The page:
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Quotes & Sayings About Thornfield

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Thornfield Quotes By Charlotte Bronte

How people feel when they are returning home from an absence, long or short, I did not know: I had never experienced the sensation. I had known what it was to come back to Gateshead when a child after a long walk, to be scolded for looking cold or gloomy; and later, what it was to come back from church to Lowood, to long for a plenteous meal and a good fire, and to be unable to get either. Neither of these returnings was very pleasant or desirable: no magnet drew me to a given point, increasing in its strength of attraction the nearer I came. The return to Thornfield was yet to be tried. — Charlotte Bronte

Thornfield Quotes By Charlotte Bronte

Rochester: "I am no better than the old lightning-struck chestnut-tree in Thornfield orchard ... And what right would that ruin have to bid a budding woodbine cover its decay with freshness?"
Jane: "You are no ruin sir - no lighting-struck tree: you are green and vigorous. Plants will grow about your roots, whether you ask them or not, because they take delight in your bountiful shadow; and as they grow they will lean towards you, and wind round you, because your strength offers them so safe a prop. — Charlotte Bronte

Thornfield Quotes By Charlotte Bronte

It is a long way off, sir"
"From what Jane?"
"From England and from Thornfield: and _"
"Well?"
"From you, sir — Charlotte Bronte

Thornfield Quotes By Anna Quindlen

Yet there was always in me, even when I was very small, the sense that I ought to be somewhere else. And wander I did, although, in my everyday life, I had nowhere to go and no imaginable reason on earth why I should want to leave. The buses took to the interstate without me, the trains sped by. So I wandered the world through books. I went to Victorian England in the pages of 'Middlemarch' and 'A little Princess', and to Saint Petersburg before the fall of the tsar with 'Anna Karenina'. I went to Tara, and Manderley, and Thornfield Hall, all those great houses, with their high ceilings and high drama, as I read 'Gone with the Wind', 'Rebecca' and 'Jane Eyre'. — Anna Quindlen

Thornfield Quotes By Charlotte Bronte

The promise of a smooth career, which my first calm introduction to Thornfield Hall seemed to pledge, was not belied on a longer acquaintance with the place and its inmates. — Charlotte Bronte

Thornfield Quotes By Charlotte Bronte

On a frosty winter afternoon, I rode in sight of Thornfield Hall. On a stile in Hay Lane I saw a quiet little figure sitting by itself. I had no presentiment of what it would be to me; no inward warning that the arbitress of my life
my genius for good or evil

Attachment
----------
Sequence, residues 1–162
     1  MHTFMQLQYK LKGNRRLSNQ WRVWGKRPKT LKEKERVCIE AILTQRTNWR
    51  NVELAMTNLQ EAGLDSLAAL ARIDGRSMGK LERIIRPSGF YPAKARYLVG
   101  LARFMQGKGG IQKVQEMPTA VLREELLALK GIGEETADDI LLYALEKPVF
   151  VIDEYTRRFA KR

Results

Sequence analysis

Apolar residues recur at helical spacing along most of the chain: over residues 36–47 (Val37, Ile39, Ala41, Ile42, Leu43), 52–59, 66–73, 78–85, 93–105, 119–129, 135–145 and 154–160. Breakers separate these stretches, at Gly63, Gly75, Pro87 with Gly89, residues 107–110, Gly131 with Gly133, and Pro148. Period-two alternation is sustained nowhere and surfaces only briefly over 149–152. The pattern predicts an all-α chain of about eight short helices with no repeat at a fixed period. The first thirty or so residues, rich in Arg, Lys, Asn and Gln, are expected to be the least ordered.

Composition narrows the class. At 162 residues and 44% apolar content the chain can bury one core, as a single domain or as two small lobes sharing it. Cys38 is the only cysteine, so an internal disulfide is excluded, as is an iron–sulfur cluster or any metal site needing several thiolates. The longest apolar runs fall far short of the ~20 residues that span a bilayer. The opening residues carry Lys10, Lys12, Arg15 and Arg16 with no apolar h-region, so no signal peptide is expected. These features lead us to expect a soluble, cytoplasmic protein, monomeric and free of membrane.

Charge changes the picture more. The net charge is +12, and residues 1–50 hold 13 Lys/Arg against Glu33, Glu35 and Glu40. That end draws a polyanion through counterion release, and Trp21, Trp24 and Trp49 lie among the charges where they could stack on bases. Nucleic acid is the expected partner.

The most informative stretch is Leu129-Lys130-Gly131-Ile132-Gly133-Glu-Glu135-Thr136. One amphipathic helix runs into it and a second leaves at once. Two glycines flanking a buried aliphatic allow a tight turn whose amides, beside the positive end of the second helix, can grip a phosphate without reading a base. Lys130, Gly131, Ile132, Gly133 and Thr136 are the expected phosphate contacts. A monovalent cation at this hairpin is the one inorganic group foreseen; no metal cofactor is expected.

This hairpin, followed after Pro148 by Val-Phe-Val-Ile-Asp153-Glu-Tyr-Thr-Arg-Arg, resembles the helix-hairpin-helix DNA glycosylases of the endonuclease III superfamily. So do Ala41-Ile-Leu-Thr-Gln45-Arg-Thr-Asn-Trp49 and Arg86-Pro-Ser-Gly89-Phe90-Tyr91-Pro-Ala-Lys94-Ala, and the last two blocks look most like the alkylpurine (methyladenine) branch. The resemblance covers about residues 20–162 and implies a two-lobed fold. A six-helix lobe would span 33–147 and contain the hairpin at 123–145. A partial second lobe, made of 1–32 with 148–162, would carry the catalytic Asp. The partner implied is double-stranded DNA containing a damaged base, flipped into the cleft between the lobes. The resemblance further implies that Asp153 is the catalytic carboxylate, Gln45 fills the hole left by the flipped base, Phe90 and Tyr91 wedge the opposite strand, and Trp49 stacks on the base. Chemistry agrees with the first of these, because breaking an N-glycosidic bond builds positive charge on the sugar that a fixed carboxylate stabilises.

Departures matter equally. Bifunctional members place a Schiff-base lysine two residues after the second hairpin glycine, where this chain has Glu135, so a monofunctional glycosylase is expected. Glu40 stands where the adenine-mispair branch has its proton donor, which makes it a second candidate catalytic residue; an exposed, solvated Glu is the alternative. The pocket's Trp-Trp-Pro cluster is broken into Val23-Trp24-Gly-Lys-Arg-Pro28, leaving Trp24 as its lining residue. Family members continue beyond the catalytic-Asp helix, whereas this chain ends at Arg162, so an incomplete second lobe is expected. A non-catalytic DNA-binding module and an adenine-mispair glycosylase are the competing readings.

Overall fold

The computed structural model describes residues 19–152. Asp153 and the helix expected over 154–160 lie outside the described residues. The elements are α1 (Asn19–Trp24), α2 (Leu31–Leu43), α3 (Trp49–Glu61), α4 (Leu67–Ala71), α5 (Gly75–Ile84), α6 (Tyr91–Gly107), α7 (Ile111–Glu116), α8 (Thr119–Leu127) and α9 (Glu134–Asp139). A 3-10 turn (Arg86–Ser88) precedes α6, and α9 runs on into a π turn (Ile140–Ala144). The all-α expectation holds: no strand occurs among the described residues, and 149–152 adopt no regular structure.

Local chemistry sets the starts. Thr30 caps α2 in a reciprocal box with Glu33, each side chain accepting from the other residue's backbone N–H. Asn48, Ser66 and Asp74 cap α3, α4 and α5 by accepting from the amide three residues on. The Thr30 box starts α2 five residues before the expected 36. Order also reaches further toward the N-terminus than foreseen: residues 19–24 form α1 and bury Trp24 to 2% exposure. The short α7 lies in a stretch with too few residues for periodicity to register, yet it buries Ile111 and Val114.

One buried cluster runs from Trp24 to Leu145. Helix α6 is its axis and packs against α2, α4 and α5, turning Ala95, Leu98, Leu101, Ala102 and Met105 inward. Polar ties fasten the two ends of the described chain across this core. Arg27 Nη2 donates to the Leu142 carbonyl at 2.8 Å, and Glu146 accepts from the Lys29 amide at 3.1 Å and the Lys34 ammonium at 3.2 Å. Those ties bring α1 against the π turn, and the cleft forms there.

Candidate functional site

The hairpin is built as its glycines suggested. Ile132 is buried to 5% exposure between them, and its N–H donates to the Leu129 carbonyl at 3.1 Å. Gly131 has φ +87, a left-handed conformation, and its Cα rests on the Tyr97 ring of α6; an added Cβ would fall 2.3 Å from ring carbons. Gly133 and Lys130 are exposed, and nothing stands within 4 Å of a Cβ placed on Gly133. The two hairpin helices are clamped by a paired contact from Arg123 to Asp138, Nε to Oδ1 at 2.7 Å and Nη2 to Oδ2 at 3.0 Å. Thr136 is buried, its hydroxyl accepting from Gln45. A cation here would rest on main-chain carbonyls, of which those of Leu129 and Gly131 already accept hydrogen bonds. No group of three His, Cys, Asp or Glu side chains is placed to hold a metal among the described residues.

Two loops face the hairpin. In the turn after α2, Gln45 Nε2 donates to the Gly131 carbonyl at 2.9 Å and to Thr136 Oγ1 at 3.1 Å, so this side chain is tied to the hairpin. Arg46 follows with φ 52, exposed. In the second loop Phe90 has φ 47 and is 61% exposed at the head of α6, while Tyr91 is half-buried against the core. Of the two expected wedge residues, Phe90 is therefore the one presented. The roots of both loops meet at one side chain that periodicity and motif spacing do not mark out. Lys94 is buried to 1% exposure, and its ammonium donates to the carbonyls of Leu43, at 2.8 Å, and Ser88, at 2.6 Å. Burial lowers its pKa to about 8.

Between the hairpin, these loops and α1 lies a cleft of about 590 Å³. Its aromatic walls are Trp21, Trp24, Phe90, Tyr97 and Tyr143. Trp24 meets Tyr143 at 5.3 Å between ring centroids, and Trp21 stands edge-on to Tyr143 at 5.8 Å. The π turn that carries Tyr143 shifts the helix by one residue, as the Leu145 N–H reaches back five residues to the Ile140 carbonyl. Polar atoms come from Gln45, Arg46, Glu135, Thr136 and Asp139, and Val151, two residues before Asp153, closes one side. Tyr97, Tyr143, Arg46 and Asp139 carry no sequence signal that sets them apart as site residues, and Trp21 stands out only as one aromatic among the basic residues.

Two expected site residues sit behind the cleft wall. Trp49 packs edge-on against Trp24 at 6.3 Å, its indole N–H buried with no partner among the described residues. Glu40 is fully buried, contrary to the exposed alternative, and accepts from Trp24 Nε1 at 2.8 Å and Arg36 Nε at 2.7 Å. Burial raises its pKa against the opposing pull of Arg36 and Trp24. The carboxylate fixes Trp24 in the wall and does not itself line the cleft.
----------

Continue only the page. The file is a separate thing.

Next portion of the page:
waited there in humble guise.
When once I had pressed the frail shoulder, something new
a fresh sap and sense
stole into my frame. It was well I had learnt that this elf must return to me
that it belonged to my house down below- -or I could not have felt it pass away from under my hand, and seen it vanish behind the dim hedge, without singular regret. I heard you come home that night, Jane, though probably you were not aware that I thought of you or watched for you. — Charlotte Bronte

Thornfield Quotes By Charlotte Bronte

All these relics gave ... Thornfield Hall the aspect of a home of the past: a shrine to memory. I liked the hush, the gloom, the quaintness of these retreats in the day; but I by no means coveted a night's repose on one of those wide and heavy beds: shut in, some of them, with doors of oak; shaded, others, with wrought old-English hangings crusted with thick work, portraying effigies of strange flowers, and stranger birds, and strangest human beings, all which would have looked strange, indeed, by the pallid gleam of moonlight. — Charlotte Bronte

Thornfield Quotes By Lyndsay Faye

By day I taught Sahjara, who brought me unceasing small presents ranging from orange flower cakes to bouquets of jolly red berries; by night, I imagined my employer making the sort of inappropriate advances which would have made most governesses flee the estate forthwith, and in graphic detail, complete with bare thighs and calloused fingers and the diagonal notches which rest so sweetly above the hipbones when a gentleman is in training, as I had no doubt whatsoever Mr. Thornfield was. — Lyndsay Faye

Thornfield Quotes By Francine Prose

Reader, I married him.

It turned out the sounds I heard coming from the attic weren't the screams of Mr Rochester's mad wife Bertha. It wasn't the wife who burned to death in the fire that destroyed Thornfield Hall and blinded my future husband when he tried to save her.
After we'd first got engaged, he'd had to admit that he was already married, and we'd broken off our engagement. He'd asked me to run away with him anyway. Naturally, I'd refused.
But later, after we were properly married, he insisted that it hadn't happened that way. It turned out there had been no wife. It turned out that it had been a parrot, screaming in the attic. The parrot had belonged to his wife. She had got it in the islands, where she had also contracted the tropical fever that killed her. She'd died long before I came to work for him as a governess. That was never Bertha, in the attic. — Francine Prose

Thornfield Quotes By Anonymous

Are you listening, Mr. Thornfield?" Sonny prepared himself for some dreadful curse in the name of God, or perhaps some ancient African demon. "I'm listening." "I forgive you. — Anonymous